A lot is lost in text conversations. A text you send or receive might make it seem as though the sender is angry, impatient, being sarcastic, or just plain rude. That tends to happen when your mode of communication is as dry as email. With texting or chat apps, things tend to get more vague with people using ‘text speak’. One way around this is to use emoji but, despite the many technical advances made in the past decade, we still don’t have an emoji standard. Emoji look different on iOS and Android. Emoji Platform Translator is a web app that lets you translate iOS emoji for Android users and see what the look like on iOS.
Emoji Platform Translator is best used for your iPhone. Visit the app in Chrome or Safari, or whichever browser you prefer to use. It should work in most modern iOS browsers. If you find it isn’t working, try switching to Safari.
Translate iOS Emoji For Android
Emoji Platform Translator can ‘translate’ one or multiple emoji at once. In the ‘Your message on iOS’ field, enter the emoji you want to use via the emoji keyboard in iOS. Tap ‘Translate’.
Emoji Platform Translator will show you what each emoji looks like on an Android device. To look up a different set of emoji, simply delete the ones you’ve already entered, and enter a new one. Tap ‘Translate’ again, and the app will translate the new emoji for you.
This app can translate emoji from iOS to the latest version of Android. If you keep up with Android development news, you might know that Google has removed the beloved blob emoji and replaced it with a more traditional set of emoji. These emoji are more similar to the ones you’d find on iOS or even on Facebook. It’s also the set that Emoji Platform Translator uses to translate emoji. If you’re sending a text to someone who is still using blob emoji, this tool won’t be of much help. Similarly, some phone manufacturers like Samsung tend to add their own set of emoji which is different even from the default Android ones. If your recipient is using such a phone, they might see emoji very differently.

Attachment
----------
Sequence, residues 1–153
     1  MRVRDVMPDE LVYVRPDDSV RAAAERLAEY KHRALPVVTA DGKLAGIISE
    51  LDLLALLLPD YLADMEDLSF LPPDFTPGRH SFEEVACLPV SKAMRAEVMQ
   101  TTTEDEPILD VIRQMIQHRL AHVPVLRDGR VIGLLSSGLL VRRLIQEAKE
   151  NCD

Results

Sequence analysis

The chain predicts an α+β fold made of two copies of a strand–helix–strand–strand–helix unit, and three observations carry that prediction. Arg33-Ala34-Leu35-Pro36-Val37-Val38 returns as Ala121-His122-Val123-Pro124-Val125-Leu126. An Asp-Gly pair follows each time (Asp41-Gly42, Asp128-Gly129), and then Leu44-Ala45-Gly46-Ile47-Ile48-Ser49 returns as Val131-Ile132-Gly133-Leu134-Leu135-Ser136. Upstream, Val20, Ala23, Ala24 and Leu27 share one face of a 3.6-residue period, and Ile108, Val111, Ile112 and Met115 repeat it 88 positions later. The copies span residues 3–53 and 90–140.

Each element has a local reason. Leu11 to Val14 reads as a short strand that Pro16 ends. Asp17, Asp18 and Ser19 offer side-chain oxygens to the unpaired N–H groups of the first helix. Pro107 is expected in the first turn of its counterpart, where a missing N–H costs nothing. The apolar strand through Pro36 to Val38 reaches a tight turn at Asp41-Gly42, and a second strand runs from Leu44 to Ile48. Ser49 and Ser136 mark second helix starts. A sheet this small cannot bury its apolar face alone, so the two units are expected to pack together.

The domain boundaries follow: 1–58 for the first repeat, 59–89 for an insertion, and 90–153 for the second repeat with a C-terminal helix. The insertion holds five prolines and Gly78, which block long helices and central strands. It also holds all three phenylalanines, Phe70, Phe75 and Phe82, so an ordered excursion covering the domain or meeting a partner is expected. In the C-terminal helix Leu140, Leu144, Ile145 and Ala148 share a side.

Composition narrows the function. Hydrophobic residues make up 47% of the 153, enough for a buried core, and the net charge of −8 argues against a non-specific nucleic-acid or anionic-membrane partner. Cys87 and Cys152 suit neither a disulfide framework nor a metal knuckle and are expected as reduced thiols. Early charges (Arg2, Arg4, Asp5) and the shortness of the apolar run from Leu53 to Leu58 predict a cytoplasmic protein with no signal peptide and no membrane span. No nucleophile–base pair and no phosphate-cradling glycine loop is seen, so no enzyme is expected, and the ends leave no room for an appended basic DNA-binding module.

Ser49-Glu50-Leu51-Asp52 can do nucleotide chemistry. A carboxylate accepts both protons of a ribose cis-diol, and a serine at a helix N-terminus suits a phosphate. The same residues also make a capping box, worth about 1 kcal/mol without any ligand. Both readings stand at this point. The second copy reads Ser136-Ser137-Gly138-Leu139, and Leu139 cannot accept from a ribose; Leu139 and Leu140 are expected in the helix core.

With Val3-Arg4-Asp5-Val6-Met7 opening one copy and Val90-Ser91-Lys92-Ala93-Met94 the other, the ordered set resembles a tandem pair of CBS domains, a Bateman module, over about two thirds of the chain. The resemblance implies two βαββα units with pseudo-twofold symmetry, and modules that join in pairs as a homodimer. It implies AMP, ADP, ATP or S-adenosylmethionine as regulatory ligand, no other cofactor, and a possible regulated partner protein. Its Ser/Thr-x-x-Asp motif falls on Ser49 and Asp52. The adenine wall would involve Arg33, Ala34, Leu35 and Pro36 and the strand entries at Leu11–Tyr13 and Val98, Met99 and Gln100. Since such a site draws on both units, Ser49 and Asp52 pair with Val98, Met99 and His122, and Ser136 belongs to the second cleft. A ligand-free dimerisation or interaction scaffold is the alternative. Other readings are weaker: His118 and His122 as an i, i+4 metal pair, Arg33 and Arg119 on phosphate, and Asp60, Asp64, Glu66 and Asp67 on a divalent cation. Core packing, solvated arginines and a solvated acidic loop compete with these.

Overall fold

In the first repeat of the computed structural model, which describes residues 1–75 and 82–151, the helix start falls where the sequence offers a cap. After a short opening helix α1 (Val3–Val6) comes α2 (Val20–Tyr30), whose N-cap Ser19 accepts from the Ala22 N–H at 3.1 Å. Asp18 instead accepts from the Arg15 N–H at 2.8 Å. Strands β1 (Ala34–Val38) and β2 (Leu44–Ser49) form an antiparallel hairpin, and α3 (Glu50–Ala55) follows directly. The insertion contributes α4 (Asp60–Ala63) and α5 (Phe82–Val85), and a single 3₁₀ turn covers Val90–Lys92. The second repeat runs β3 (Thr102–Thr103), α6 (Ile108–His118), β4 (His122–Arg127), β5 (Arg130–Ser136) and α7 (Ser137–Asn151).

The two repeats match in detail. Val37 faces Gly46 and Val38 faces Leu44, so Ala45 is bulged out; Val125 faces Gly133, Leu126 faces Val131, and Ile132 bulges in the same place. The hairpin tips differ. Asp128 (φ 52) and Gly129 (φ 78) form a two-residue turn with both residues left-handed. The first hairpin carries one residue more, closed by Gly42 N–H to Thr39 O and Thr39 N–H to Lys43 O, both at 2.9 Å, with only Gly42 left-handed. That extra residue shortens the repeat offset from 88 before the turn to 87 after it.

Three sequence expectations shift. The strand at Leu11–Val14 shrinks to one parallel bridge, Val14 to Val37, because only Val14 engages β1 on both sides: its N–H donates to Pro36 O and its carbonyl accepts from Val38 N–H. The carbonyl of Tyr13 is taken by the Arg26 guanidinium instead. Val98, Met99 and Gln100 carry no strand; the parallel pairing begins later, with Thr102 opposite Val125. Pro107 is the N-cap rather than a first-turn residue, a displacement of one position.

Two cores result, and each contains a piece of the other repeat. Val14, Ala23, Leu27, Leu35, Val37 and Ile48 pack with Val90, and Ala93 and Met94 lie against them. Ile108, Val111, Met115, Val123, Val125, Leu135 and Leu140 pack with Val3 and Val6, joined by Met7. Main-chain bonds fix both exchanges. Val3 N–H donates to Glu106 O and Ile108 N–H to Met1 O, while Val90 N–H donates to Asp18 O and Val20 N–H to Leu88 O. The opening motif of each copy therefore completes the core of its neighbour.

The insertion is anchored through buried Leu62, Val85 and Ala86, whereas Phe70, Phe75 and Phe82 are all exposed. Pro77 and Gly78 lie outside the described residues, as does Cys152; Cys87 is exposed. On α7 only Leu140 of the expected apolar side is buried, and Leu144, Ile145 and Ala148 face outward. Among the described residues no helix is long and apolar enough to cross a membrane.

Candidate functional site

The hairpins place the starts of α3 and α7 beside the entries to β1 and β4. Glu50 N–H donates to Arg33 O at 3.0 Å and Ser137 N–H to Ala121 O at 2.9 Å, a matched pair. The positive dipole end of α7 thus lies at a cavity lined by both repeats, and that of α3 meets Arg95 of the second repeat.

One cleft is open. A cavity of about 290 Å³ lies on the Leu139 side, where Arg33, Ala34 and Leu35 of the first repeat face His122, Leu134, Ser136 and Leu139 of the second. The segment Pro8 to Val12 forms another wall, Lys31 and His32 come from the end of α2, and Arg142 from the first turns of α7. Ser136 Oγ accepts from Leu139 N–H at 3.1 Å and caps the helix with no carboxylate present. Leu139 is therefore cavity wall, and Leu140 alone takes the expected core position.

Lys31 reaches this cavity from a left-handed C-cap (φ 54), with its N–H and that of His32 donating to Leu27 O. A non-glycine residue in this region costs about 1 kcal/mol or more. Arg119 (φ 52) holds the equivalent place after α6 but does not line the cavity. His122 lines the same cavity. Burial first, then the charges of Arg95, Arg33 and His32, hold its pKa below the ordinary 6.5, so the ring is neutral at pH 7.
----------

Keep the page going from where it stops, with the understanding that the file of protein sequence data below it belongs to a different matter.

There’s no simple way around this. Emoji, of all things, should be standardized. The app in itself is simple and it works great but it falls short of meeting common needs. It ought to support more than just the default Android emoji especially considering how much fragmentation there is and how much Android users love to modify their devices.